A conceptual illustration of tree plantings at the main buildings of the proposed public safety training center. (Image by Atlanta Police Foundation.)

The Defend the Atlanta Forest (DATF) movement opposing the public safety training center is accused of being a criminal organization in a sprawling indictment charging 61 people with racketeering and other major felonies, setting up a First Amendment legal battle.

The indictment, dated Aug. 29 but released Sept. 5, was presented in Fulton County Superior Court by Georgia Attorney General Chris Carr on the heels of his hotly controversial use of domestic terrorism charges against some of the same “Cop City” protest defendants. Carr’s use of the state Racketeer Influenced and Corrupt Organizations (RICO) law – the same one also controversially used to charge former President Trump and others in an election-conspiracy case – focused on allegations that DATF is an “anti-police” anarchist conspiracy. That drew condemnation from local organizers and national free-speech groups. 

“The overwhelming goal of this type of oppression is to make people afraid to participate,” said Lauren C. Regan, executive director of the Oregon-based Civil Liberties Defense Center. “… For so many reasons, this is an incredibly broad net that probably is more likely intended to scare citizens from exercising political rights than it is to actually secure any kind of conviction.”

Regan said that in 25 years of civil liberties work, she has only seen RICO charges filed against protesters once and never at this scale. That threat to First Amendment rights, she added, will attract “dozens and dozens” of lawyers to Georgia to collaborate on “the strongest, scorched-earth defense.”

With 86 pages of accusations, the indictment provides more details on previously unclear charges against several defendants – including such major crimes as attempted arson of public buildings. Besides RICO charges, it also includes some new charges of domestic terrorism, arson and money laundering.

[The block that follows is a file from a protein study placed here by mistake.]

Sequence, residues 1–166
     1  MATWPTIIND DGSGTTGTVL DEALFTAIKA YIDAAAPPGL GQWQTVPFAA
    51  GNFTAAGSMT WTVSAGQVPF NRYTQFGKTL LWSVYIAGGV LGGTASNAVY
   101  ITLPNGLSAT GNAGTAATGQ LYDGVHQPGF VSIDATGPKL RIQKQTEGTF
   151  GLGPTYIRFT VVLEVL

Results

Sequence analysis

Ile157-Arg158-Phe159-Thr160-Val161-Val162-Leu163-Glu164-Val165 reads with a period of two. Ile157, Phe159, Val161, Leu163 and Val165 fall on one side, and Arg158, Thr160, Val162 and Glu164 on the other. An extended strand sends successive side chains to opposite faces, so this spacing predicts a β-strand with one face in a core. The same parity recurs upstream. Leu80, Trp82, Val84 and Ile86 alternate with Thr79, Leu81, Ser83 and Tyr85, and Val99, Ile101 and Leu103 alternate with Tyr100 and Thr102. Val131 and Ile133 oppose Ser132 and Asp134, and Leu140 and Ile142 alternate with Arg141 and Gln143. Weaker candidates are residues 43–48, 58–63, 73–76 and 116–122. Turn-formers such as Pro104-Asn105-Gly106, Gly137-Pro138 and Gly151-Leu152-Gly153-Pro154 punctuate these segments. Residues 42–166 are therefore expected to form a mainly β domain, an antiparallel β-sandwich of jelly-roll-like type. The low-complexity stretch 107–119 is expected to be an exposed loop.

The indictment also has basic factual errors about such topics as the training center’s land ownership and never clearly defines the supposed DATF organization or who runs it. Some legal activities are listed as contributing acts in the alleged conspiracy, including owning a book and linking to a TV news story.

The indictment claims DATF has an ideology of “anti-police,” pro-environment anarchism, illustrating that with many quotes whose sources are not identified and often not specifically described as leaders of the alleged group. Containing a lengthy critical description of anarchism and its philosophy – material whose source is not identified – the indictment also presents politically biased accounts of hot-button issues in the training center controversy, such as the secrecy of its planning and the police killing of the protester known as Tortuguita. 

A major claim is that the RICO “conspiracy” predates the training center plan by several months, rooting it in the Black Lives Matter protests that followed the police killings of George Floyd in Minnesota and Rayshard Brooks in Atlanta.

Prominent figures in the indictment are three leaders of the Atlanta Solidarity Fund (ASF), which provides legal support to protesters. Their arrests on money laundering and charity fraud charges earlier this year drew condemnation for search warrants that incorrectly claimed the U.S. Department of Homeland Security (DHS) had designated DATF as a group of “domestic violent extremists.” In fact, DHS makes no such designations and, while it had cited “alleged” extremists within the broader protest movement in a bulletin, did not use the DATF name at all.

Despite media debunking of that claim, the indictment continues to use it, albeit in vaguer language. The indictment claims in reference to DTAF that DHS “has classified the individuals as alleged Domestic Violent Extremists,” without naming anyone. Some activity broadly described by DHS in the bulletin is similar to accusations against some of those named in the indictment, but DHS did not name individual suspects or incidents.

The new RICO charges also encompass some defendants whose previous domestic terrorism charges drew controversy. Among them are a legal observer and concert-goers arrested following a mass assault by protesters on the training center site and activists arrested for distributing flyers in Barrow County identifying a Georgia State Patrol officer reportedly involved in the killing of Tortuguita.